Bullet With Butterfly Wings

Last night I found out someone I used to know murdered his parents.  As I moved past the natural sadness experienced from such revelations, I began to wonder what would drive such a nice guy to commit such attrocities.  And the more I thought about it, I began to think about the butterfly effect.

When most people hear the words ‘butterfly effect, they think of one of two things.  For some, it’s the Ashton Kutcher movie where Amy Smart tries to blow him for cash.  For those who aren’t impressed by Kuther’s chiseled, Adonis-like good looks…   they think of it as a conequence of time travel, best illustrated by that episode of the Simpsons where Homer uses his Toaster/ Time-Machine to accidentally crush a prehistoric mosquito and end up in a world where donuts don’t exist.  (It’s a well known fact that the existence of paleolithic insects is integral to the “glaze factor”.)

The term Buttefly Effect refers to the idea that the motion created from the flapping of a butterfly’s wings will eventually develop into a tsunami on the other side of the world.  Small events affect bigger events.   The butterfly effect isn’t about time travel, at least not in practice.  It’s about continuity and world community.

Everything you do has a consequence, both intended in singular, and unintended in countless multitdes.  You are part of an endless, invisible chain that shifts every time you scratch your ass.  

A college girl dumps her boyfriend.  He gets drunk at a party and gets in his car, crashin headfirst into the car of a woman on her way to her mother’s house after fighting with her husband.  She and her unborn child are killed instantly.  The boy goes to jail for twenty years.   The woman’s husband never forgives himself and dies alone.  An entire family line is wiped out.

A man eats bacon everyday for thirty years.  He lives to see his grandson born.  The man dies of heart disease.  His life in surance funds the boy’s college.  He eventually makes great strides in the treatment of heart disease.   The grandson’s discoveries save the life of  a man who eventually builds a worldwide peace organization.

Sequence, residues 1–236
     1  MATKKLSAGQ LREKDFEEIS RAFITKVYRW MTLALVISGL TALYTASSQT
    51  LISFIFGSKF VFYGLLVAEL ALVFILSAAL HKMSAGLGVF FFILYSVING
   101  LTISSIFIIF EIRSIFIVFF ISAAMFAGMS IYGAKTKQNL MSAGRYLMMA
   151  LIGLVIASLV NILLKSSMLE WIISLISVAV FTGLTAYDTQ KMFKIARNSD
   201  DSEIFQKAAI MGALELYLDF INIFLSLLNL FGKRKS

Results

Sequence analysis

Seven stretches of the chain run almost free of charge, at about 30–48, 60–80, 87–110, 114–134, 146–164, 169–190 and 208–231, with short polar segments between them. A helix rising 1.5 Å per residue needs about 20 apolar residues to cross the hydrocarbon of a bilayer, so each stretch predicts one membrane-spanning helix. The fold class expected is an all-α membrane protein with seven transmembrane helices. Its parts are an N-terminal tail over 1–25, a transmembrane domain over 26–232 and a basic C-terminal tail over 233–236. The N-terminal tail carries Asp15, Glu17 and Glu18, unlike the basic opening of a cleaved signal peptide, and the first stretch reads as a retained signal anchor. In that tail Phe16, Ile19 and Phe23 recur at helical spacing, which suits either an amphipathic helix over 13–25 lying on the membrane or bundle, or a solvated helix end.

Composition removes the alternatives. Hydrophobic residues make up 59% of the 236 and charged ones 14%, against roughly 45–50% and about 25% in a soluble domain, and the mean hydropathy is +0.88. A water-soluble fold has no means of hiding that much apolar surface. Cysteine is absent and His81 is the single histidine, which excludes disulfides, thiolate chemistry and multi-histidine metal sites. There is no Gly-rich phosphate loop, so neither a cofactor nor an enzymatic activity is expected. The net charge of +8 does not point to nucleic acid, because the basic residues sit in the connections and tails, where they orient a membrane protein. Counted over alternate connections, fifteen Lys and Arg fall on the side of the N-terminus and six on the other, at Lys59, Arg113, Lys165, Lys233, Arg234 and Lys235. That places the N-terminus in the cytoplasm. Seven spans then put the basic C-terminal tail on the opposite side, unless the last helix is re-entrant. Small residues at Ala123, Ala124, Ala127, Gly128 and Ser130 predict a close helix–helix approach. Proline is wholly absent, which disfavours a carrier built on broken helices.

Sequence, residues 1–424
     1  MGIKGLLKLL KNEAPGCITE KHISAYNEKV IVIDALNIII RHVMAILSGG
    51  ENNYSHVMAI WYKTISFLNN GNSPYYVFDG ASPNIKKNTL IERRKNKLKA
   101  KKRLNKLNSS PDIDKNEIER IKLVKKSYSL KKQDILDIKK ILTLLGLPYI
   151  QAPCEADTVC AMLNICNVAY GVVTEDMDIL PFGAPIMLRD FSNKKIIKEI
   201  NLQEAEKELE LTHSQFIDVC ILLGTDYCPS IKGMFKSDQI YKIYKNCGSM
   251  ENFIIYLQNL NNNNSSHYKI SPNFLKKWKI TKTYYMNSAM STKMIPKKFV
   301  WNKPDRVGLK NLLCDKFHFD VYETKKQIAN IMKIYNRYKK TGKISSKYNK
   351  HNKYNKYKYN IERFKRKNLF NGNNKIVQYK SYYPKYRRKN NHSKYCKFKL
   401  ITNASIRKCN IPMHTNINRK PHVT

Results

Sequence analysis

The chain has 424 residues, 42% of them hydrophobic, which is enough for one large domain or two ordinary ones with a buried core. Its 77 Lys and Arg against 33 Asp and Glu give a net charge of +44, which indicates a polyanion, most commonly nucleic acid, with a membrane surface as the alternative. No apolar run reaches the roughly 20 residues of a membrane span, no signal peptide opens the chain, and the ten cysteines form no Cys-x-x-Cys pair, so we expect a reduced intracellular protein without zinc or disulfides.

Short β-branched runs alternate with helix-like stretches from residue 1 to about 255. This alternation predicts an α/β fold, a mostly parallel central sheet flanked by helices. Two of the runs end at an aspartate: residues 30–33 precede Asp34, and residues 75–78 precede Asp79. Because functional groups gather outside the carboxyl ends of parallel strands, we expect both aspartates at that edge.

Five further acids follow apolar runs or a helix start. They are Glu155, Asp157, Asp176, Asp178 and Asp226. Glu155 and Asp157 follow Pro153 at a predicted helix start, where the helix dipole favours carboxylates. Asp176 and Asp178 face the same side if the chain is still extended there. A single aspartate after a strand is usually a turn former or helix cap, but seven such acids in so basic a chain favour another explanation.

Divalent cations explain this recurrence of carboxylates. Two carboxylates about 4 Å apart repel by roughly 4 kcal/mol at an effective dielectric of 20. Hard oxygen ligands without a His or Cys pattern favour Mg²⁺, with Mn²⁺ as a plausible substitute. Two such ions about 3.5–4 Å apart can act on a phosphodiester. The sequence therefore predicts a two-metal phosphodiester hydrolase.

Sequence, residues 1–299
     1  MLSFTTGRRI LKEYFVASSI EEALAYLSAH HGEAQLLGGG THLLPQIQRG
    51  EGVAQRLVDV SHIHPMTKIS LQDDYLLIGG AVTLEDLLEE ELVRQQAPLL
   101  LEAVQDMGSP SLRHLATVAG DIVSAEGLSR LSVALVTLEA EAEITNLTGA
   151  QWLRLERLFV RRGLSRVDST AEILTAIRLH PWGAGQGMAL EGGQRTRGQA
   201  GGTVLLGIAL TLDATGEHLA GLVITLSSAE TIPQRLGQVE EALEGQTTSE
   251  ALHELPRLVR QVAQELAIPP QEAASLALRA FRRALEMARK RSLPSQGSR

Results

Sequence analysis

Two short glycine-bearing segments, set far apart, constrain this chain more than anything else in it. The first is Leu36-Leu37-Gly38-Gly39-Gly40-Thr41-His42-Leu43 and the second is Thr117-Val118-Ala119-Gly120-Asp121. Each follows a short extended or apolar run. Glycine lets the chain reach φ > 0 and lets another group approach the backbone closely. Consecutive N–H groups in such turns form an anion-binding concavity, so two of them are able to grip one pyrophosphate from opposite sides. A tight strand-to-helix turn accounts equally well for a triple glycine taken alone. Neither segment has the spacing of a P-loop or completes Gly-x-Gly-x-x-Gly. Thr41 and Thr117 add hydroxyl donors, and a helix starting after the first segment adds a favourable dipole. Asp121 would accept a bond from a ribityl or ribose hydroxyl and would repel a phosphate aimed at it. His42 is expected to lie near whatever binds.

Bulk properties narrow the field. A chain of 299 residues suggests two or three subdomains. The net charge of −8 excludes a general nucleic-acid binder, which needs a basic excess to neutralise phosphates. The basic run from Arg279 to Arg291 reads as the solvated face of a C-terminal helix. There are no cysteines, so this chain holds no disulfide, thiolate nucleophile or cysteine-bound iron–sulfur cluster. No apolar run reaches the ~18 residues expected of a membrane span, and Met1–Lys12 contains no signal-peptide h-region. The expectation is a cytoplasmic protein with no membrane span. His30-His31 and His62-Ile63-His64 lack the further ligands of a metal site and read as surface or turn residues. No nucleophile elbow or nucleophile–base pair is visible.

Two kids get bullied constantly for being different.  One day they bring assault rifles to school and murder a dozens people, many being innocents.

The structure of events that led to you brushing your teeth this morning is so complex that if you live to be a thousand, you could not hope to begin to fathom the equation.

Point is, we need each other.  We are a community.  We don’t realize it.  We don’t act like it.  But we are. And I’m not some tree-hugging hippie telling you all we need it love.

I’m just saying that we better start changing the way we do business.  Stop being so damn self-absorbed.  And teach our kids better than we have.  Because if we don’t, we’re not just doomed as a species.  We’re doomed as human beings.


4 responses to this post.

  1. I can’t argue with that, and I like it even more considering you’re SO not a tree hugging, “all we need is love”er.


  2. Yep I agree with that. Somehow we have to stop seeing and fearing the differences and looking for commonalities. That’s what will save us. Like it or not, we are all the same species and are stuck here on this spinning rock, together.


    • Well, sure. But that wasn’t really my point. What I’m saying is that our actions have unintended consequences. And as a people, we need to understand this if we are to survive.


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